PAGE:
The CUNY Graduate School of Journalism is off to a good start in its drive to raise private funds for scholarships and academic enhancements that will ensure its success as a top-flight graduate program. Over the past year, friends of the School of Journalism and supporters of its mission have donated more than $6 million to help get the School successfully underway.
These gifts already have been used to offer 52 full and partial scholarships to students who otherwise couldn’t afford to attend the School. These need-based scholarships ranged in size from $1,000 to $7,500, the full cost of annual tuition and fees. Scholarship support is key to the mission of enrolling a diverse group of talented and promising students. These funds also will help to subsidize internships for students next summer.
Although the School of Journalism is publicly supported, there are many program enhancements that are beyond the scope of its modest tuition and state funding. To build a truly great program, the School must secure supplementary help from the private sector.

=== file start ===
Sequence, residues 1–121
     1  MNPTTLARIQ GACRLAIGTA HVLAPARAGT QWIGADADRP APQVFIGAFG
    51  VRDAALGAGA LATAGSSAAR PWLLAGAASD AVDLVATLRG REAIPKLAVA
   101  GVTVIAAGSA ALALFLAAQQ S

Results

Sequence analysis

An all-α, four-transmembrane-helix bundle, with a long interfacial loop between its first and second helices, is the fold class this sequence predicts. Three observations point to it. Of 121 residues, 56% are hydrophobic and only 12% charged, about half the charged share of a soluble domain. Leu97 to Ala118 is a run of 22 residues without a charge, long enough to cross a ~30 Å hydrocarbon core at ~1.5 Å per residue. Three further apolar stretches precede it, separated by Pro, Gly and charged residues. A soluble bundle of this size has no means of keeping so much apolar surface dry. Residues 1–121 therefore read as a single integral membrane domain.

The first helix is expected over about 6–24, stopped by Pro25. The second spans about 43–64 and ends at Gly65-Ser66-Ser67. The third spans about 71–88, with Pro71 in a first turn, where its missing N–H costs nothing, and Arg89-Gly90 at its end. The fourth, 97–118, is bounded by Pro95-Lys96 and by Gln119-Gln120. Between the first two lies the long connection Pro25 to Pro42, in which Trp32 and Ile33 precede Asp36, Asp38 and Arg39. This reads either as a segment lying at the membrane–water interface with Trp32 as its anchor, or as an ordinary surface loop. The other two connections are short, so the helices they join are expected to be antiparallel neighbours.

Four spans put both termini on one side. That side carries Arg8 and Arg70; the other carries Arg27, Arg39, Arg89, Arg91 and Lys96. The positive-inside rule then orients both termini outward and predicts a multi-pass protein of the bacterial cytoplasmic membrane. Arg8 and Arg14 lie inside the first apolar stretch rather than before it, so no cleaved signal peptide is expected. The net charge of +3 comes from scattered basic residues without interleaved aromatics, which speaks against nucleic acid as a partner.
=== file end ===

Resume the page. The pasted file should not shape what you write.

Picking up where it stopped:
Those who have stepped up to help in the School’s first year include prominent journalists, alumni of City College’s storied journalism program, corporate philanthropic sources, members of the School’s advisory board, and a host of individuals who support the program’s mission. The largest contribution, a $4 million endowment gift, was made last fall by the sisters of retired New York Times publisher Arthur Ochs “Punch” Sulzberger. The gift will provide scholarships for talented students with limited financial resources. In June, the School received a $1 million pledge from an anonymous donor.
Other major contributors to the school include: The McGraw-Hill Companies; family and friends of long-time City College Professor Irving Rosenthal; the family of broadcast journalist Daniel Schorr; broadcast journalists Connie Chung and Maury Povich; the family of ABC News engineer Julius Barnathan; radio pioneer Himan Brown; public relations guru Howard Rubenstein; and television anchor Roz Abrams. The Apple Corporation has donated 75 laptop computers for the first class.
While scholarships and paid internships remain the School’s highest priority, Dean Steve Shepard hopes to raise support for a number of program enhancements. These include endowed chairs; the NYC Community News Service; the January Academy; visiting journalist fellowships; merit awards; a journalist pipeline program to interest talented high school students in journalism careers; endowment programs to build the urban, business/economic, health/medical, and arts/culture reporting specialty reporting areas; and a student services support fund.